Ken Kopczyk

Hurdles in .NET Development

Posts Tagged ‘Visual Studio’

Debugging Javascript in Visual Studio 2005

Posted by Ken on March 12, 2010

A feature of Visual Studio that is not enabled by default is the ability to debug javascript.

To enable this feature, you need to uncheck “Disable script debugging (Internet Explorer)” in the “Advanced” tab of the “Internet Options” dialog in IE:

Debugging is now enabled:

Doing this will also give you access to Visual Studio’s Script Explorer which allows you to view and trace through the stack of scripts that are running within your ASP.NET application behind the scenes:

Warning: Client-side script debugging does slow down the application quite a bit during development. It would be wise to only have this feature enabled when you need to debug javascript.

Note: This information assumes that you are using IE as your default development browser. If you would like to change default browsers, select your website project in the Solution Explorer, and then select “Browse With…” from the File menu:

Alternatively, while the application is running in Debug mode, you can attach the process to another browser and run the two browsers in tandem. Select “Attach to Process…” from the Debug menu to accomplish this:

Posted in Visual Studio | Tagged: , , | 2 Comments »

Referencing GAC Assemblies With Visual Studio 2005

Posted by Ken on August 15, 2009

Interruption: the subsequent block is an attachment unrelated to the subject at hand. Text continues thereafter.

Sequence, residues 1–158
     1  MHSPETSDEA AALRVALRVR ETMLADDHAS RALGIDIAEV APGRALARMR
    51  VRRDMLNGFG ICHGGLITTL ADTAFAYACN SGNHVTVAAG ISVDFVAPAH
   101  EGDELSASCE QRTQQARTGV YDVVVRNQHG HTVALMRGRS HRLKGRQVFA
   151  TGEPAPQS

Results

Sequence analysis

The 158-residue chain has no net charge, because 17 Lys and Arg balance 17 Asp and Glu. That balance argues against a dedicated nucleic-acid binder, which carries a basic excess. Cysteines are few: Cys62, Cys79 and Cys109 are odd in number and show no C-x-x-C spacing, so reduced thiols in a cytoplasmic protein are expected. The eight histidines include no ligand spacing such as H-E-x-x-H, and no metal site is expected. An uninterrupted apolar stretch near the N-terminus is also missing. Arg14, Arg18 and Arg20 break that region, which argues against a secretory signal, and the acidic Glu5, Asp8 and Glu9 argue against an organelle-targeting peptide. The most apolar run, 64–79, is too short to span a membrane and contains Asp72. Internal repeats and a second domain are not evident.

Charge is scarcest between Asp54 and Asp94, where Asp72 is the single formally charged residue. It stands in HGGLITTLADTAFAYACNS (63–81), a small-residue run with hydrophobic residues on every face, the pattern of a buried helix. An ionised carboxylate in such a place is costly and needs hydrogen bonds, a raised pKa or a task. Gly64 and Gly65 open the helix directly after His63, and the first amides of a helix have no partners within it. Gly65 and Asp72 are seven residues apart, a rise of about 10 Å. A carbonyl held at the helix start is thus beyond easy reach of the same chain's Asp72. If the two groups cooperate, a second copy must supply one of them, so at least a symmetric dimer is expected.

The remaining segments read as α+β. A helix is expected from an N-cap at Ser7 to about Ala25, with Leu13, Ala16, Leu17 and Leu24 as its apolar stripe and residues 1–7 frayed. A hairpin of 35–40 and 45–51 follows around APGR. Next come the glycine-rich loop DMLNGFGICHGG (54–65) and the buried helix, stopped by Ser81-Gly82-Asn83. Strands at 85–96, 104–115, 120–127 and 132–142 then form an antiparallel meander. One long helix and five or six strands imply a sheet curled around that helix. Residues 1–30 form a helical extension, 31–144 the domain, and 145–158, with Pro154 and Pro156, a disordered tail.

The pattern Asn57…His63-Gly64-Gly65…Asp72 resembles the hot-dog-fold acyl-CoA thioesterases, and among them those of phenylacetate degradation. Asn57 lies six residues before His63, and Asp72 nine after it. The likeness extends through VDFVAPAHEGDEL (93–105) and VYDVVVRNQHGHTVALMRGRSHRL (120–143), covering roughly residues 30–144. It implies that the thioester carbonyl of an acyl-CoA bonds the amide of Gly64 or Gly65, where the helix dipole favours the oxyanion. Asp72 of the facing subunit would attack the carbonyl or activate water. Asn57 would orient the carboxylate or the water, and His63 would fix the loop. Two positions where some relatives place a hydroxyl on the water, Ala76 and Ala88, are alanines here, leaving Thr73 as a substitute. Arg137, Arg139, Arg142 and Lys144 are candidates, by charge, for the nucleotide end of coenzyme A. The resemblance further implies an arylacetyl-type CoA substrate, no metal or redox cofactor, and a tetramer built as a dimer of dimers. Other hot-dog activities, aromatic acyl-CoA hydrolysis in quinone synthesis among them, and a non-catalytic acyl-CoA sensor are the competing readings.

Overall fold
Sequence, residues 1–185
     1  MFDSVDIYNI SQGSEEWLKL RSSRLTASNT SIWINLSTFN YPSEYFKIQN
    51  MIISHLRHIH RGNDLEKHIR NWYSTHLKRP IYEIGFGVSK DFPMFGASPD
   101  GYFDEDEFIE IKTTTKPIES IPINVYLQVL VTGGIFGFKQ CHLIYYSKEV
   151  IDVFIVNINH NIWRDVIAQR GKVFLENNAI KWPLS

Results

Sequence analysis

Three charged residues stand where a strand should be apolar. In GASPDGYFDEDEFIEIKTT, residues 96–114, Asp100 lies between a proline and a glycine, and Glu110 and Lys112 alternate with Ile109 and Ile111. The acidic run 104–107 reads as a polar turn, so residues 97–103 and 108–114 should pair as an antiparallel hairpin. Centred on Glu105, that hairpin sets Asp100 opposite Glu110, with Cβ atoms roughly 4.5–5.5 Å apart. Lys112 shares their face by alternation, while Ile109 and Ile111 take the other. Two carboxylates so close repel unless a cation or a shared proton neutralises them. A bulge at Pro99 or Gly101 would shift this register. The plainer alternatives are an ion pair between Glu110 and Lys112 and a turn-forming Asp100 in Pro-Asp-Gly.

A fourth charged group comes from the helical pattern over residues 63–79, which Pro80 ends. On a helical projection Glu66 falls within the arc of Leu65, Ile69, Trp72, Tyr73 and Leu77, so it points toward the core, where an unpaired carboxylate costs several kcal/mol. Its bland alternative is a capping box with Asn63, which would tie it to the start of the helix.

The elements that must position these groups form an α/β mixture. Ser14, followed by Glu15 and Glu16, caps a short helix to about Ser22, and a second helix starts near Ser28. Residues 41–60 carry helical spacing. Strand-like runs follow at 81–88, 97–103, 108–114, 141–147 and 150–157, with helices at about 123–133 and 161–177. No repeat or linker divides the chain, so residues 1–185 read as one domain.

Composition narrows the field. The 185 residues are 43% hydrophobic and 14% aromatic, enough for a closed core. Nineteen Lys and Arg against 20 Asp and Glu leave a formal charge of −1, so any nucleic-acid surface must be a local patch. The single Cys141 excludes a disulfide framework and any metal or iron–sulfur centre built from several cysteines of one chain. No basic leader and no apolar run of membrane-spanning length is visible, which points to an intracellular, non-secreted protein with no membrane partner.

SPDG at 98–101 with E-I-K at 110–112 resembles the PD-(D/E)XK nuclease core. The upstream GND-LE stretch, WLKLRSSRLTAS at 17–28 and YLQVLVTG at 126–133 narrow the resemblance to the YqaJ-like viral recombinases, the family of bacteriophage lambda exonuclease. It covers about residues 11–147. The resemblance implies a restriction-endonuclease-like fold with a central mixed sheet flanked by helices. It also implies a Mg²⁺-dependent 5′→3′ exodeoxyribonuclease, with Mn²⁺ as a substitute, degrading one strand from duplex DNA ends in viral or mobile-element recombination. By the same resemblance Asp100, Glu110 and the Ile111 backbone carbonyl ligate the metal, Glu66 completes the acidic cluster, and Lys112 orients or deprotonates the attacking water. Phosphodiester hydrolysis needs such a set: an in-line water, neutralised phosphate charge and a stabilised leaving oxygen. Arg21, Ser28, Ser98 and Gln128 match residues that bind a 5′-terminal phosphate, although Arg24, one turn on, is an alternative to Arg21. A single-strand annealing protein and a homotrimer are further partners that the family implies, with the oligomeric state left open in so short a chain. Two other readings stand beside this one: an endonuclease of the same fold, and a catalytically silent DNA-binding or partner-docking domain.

In Visual Studio 2005, adding an assembly reference is straight-forward and trivial, that is, unless the assembly you are trying to reference only exists in the GAC. There are a number of tabs in the Add Reference dialog, but they browse assemblies that are all located in standard directories.

Global Assembly Cache
The GAC is special because it allows a pc to store multiple versions of the same .NET assembly. This is made possible by strong naming. More importantly, it provides a centralized location for .NET assemblies that need to be shared across multiple applications.

When viewing the GAC via the Windows shell, you go here: C:\Windows\Assembly. However, the Explorer-like UI actually represents an aggregate of files and folders. Windows is just trying to make it look nice and user friendly for us.

Tricking Visual Studio
To trick Visual Studio into referencing a GAC assembly, you can do the following:
1.) Reference a copy of the assembly that is located outside of the GAC via the Add Reference dialog. You can throw a copy on your Desktop and then reference it from there. It doesn’t matter what the file’s location is.
2.) Install the assembly into the GAC. There are a number of ways to do this. The easiest way is to use the “Microsoft .NET Framework 2.0 Configuration” app. You can find it by going to Control Panel –> Administrative Tools. Once in the app, click “Manage the Assembly Cache” and then “Add an Assembly to the Assembly Cache.”
3.) Delete the assembly file that you referenced in step 1. Go into Visual Studio and refresh the project. The path of the reference should have automatically changed over to its GAC location (C:\Windows\assembly\…).
4.) You may want to set the reference’s “Copy Local” property to False so that the build does not produce a copy of the GAC assembly in the bin folder (to avoid confusion). In doing so, you can be confident that your app is in fact hitting the GAC!

Posted in Visual Studio | Tagged: , | 7 Comments »